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Comedy Thu Apr 25 2013

Double-Shot Showcase Brings Comedy to Evanston


Alexandra Tsarpalas at Double-Shot Showcase

If you think you've seen every comedy show in Chicago, maybe it's time for you to take the Purple Line up to Evanston. Every Thursday night at 8pm, you can see some of Chicago's best comics at J.J. Java Cafe, an earthy coffee shop right across from the Foster stop, as they perform at Double-Shot Showcase. Double-Shot is produced and hosted on a rotating basis by Peter-john Byrnes, Cody Melcher, Dave Stinton, and Alexandra Tsarpalas. The show features three comics you've probably heard of, plus one newbie who you probably haven't, but will want to. In a laid-back atmosphere, audiences have a chance to see a select few comics explore their material with some extra time on stage, rather than a crammed lineup of comics trying to squeeze their sets into four minutes. It's part of the luxury of the suburbs: wide open stage time. The results are well worth the $2.25 ride on the Purple Line (bonus: It tends to be a really clean train).

I had a chance to ask Tsarpalas and Byrnes about their show, and they were mostly nice to me.

When did Double-Shot start?

Tsarpalas: It started in August of 2012, but I wasn't there at the origination of the show. Dave Stinton and I became producers this January after Kris [Simmons] left. I was so thrilled when they asked me to join them! I was a DSS fan already and still am!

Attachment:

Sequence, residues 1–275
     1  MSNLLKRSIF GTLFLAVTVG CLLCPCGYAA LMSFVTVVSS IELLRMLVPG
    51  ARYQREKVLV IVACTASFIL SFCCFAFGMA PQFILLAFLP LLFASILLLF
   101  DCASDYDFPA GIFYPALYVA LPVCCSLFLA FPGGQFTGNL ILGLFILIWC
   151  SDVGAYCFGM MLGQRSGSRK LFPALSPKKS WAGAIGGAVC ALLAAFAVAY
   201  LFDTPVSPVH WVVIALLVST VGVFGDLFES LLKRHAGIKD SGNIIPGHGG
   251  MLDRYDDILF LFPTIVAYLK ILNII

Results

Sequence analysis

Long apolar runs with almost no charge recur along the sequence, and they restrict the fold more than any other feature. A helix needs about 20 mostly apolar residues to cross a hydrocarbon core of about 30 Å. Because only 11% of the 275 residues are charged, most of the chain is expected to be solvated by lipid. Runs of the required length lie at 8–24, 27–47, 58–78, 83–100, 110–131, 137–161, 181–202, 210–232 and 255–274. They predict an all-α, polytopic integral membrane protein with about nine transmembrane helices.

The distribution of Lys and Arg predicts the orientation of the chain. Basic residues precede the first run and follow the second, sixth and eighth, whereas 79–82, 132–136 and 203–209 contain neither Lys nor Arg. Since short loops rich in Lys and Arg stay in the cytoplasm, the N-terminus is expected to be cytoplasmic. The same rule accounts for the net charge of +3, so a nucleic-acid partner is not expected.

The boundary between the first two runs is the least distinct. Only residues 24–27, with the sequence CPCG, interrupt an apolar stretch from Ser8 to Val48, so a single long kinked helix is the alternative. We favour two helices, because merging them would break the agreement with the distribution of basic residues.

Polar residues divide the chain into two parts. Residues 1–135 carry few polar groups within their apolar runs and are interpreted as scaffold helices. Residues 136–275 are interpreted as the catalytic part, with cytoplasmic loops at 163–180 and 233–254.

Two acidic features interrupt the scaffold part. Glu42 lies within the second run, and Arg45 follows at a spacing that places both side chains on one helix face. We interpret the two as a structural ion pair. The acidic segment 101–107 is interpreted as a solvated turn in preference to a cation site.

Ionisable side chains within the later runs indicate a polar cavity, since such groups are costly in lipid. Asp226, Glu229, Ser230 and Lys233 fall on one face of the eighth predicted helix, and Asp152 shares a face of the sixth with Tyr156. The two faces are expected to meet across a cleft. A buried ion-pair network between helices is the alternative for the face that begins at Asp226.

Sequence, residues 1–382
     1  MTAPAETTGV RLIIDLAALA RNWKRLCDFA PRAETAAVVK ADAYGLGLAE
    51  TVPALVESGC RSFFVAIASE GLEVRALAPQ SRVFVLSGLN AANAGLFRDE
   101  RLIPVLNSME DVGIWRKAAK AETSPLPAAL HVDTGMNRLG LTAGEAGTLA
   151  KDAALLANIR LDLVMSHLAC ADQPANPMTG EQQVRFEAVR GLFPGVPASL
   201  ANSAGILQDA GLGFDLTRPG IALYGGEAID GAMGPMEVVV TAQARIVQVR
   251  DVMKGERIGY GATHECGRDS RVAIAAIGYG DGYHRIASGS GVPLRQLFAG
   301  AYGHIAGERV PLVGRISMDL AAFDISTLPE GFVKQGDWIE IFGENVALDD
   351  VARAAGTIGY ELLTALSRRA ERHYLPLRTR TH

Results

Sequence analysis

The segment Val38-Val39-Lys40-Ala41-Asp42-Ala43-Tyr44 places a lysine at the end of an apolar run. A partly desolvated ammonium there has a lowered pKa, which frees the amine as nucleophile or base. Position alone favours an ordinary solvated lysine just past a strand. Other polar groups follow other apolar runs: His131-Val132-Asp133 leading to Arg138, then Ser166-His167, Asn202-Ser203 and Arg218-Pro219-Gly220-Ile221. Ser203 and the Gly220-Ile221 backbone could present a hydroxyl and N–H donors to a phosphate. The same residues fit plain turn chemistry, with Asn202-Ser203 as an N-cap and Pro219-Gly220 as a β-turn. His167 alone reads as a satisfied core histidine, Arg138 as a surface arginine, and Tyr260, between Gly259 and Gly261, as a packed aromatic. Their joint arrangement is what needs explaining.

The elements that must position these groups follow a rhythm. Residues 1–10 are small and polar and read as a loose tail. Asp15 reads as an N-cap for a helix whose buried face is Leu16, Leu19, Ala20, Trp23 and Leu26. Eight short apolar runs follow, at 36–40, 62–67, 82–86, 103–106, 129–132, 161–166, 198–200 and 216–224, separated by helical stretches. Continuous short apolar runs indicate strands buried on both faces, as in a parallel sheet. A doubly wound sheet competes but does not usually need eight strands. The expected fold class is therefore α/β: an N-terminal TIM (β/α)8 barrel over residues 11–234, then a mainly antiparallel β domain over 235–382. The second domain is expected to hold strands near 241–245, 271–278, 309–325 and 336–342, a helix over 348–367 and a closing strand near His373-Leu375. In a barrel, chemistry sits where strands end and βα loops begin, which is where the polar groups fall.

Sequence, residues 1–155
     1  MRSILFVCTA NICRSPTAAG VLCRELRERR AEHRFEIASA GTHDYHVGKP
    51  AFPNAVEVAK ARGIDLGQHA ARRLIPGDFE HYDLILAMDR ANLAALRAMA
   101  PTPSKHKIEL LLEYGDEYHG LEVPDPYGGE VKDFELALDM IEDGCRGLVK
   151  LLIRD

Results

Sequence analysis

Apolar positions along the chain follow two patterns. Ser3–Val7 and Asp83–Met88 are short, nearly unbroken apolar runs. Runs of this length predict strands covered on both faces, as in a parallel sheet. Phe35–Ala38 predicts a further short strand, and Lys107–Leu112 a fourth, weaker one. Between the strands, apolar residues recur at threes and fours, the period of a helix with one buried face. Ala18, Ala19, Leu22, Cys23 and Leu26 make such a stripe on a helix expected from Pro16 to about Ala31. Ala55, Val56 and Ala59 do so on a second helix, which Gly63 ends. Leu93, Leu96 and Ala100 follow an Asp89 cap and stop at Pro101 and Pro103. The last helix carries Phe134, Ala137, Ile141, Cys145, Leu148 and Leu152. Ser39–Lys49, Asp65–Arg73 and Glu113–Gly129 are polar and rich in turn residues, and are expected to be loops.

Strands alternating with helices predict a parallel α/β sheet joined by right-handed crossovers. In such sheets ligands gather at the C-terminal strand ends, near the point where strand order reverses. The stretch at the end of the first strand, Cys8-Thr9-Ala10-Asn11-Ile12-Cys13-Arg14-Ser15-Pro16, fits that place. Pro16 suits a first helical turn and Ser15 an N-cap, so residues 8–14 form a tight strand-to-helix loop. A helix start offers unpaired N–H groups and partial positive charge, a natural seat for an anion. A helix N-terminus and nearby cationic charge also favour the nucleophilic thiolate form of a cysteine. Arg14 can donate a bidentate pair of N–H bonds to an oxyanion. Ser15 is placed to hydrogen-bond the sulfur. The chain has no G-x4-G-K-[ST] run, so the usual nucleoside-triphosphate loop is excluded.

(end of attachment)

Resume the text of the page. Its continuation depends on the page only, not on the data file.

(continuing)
Byrnes: Dan Telfer was sitting in J.J. Java one summer afternoon last year and tweeted that he was in an Evanston coffee shop with a stage that was crying for a comedy show to be held there. I read the tweet and emailed him from my office in Skokie to ask him where he was. I wandered over and agreed. I asked Kris [Simmons], and Dan suggested Cody [Melcher] when I asked him for a suggestion for a third producer. Oddly enough, Kris and I had met Cody on the very first night he did stand-up, at the Chaser, nearly a year earlier.

The four of you, Peter-john Byrnes, Dave Stinton, Cody Melcher and Alexandra Tsarpalas, co-produce and host the show on a rotating basis. How do you make it all work?

Tsarpalas: It is mostly just a ton of fun. Peter and Cody have a great read on the Chicago comedy scene, so Dave and I were able to get into the swing of things smoothly. We trade off hosting each week and we are each responsible for making sure our week is booked in advance. That's the long answer. The short answer is: spreadsheets.